Tuesday, September 18, 2007

After 66 years, a love story that almost wasn't comes to its end


By ANDREW MEACHAM

It was the summer of 1941. Bill Simon, 19, was staying in a cottage with his family on Conesus Lake in upstate New York. Sailboats skimmed across the lake's breathtaking surface, a mile wide and 8 miles long. The United States had not yet joined the war in Europe, and Bill's biggest problem was a girl whose parents had rented the cottage two doors down.

Helen Clark was 18. She had long black hair and blue-gray eyes. Bill liked the way she looked in a bathing suit.

They talked and swam in the lake. Bill was quickly smitten. He confessed his attraction to a friend named Wes, who dropped the bombshell.

"He said, 'Bill, forget about it. She's engaged,'" Bill said.

It was true. Charlie Moran was five years Helen's senior and a graduate agriculture student. When Bill met Charlie, Charlie was taking a course in the artificial insemination of farm animals.

"He was getting cows pregnant," Bill said.

Which meant that Charlie was gone a lot. Bill and Helen swam in the lake together, and talked for hours. They found reasons to be together: His cottage had a better beach for sunbathing; Helen and her parents needed a fourth bridge player.

Once, as they sat on a raft, Helen asked Bill if he would wash her hair. On a balmy day he would never forget, Bill ran his hands and the soap through her long black hair. It was as close as he would ever get to her, he thought.

Bill resigned himself to not getting the girl of his dreams. So at the State University of New York in Geneseo, he began dating another woman.

Helen attended the same college. Charlie would come down to visit. From time to time, Bill would see the two of them sitting in Charlie's car.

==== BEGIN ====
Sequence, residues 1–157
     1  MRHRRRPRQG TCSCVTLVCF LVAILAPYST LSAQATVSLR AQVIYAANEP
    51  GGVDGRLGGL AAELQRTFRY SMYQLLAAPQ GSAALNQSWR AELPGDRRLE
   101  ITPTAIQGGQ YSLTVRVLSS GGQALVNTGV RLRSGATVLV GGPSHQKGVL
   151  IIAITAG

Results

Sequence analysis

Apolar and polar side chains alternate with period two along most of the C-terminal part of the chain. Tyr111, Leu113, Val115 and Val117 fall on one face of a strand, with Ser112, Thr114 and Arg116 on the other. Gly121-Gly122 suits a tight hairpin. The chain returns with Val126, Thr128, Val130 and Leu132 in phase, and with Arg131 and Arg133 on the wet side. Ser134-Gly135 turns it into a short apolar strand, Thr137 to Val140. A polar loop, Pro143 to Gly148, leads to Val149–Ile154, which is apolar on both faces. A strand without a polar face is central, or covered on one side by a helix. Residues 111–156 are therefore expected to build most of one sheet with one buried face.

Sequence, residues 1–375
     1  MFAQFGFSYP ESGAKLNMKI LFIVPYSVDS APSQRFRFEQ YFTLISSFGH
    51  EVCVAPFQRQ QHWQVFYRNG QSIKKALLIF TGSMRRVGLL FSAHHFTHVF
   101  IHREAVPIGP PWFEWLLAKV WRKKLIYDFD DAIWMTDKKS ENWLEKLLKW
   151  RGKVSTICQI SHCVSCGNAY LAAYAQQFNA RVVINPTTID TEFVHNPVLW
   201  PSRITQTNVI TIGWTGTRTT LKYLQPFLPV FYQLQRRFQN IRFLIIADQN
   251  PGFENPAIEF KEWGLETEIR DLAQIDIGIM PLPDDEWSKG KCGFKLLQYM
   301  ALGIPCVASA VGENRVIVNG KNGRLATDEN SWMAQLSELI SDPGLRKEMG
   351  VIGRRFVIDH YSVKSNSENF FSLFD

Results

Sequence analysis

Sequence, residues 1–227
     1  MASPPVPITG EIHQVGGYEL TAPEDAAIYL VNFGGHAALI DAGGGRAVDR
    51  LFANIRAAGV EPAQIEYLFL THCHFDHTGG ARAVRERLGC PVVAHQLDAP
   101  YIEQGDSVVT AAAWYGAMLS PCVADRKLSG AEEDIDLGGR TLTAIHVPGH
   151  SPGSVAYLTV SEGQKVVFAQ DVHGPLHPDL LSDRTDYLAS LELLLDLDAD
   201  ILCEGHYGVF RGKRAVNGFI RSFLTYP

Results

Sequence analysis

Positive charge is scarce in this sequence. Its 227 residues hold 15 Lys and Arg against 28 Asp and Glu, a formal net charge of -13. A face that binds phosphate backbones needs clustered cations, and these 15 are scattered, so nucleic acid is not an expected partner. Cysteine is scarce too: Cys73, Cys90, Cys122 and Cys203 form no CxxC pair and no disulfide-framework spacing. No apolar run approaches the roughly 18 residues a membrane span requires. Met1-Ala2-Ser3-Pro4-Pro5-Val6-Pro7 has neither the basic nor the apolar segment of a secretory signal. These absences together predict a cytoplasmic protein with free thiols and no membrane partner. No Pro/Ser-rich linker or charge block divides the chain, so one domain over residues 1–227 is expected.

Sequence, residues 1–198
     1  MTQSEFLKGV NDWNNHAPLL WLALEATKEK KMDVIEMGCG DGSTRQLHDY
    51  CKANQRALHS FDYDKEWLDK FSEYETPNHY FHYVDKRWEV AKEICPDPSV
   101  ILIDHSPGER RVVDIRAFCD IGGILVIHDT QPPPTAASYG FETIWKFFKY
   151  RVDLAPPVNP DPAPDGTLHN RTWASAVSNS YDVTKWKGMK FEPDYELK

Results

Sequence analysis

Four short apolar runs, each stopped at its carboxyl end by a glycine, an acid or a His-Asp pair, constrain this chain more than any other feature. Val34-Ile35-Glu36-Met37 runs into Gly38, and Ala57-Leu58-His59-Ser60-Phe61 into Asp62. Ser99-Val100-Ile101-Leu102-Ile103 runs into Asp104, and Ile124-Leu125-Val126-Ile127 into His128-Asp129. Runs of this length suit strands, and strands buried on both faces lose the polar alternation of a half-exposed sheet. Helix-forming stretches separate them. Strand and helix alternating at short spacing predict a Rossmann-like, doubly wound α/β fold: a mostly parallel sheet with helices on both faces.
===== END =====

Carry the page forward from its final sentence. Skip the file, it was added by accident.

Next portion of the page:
Then Bill took Helen to a dance. On the way home, they stopped at a park. He kissed her "a couple of times, maybe more."

One wedding was canceled, another was in the works.

In Geneseo, Bill ran an insurance company. Helen, now his wife, helped out part time. Gary Simon, a son, said his mother loved to pull out her best china and crystal for parties, loved playful jousting and repartee; the guests loved her Waldorf salad.

"She got along with people better than I did," said Bill Simon, 85.

Helen liked dancing and Benny Goodman and Lawrence Welk. She had read all of Danielle Steele's novels, her husband said.

Over the last several years of her life, Parkinson's disease sapped Helen's mobility and her speech. Bill visited his wife daily at Cypress Creek, an assisted living facility in Sun City Center, and was elated two weeks ago when she answered his greeting and kiss by saying, "Hi."

Early Saturday, the Cypress Creek staff notified Bill that Helen was slipping. He sat by her bed and held her hand.

"She had a good grip on it, too," Bill said.

At about 3 a.m. on Saturday, her grip relaxed.

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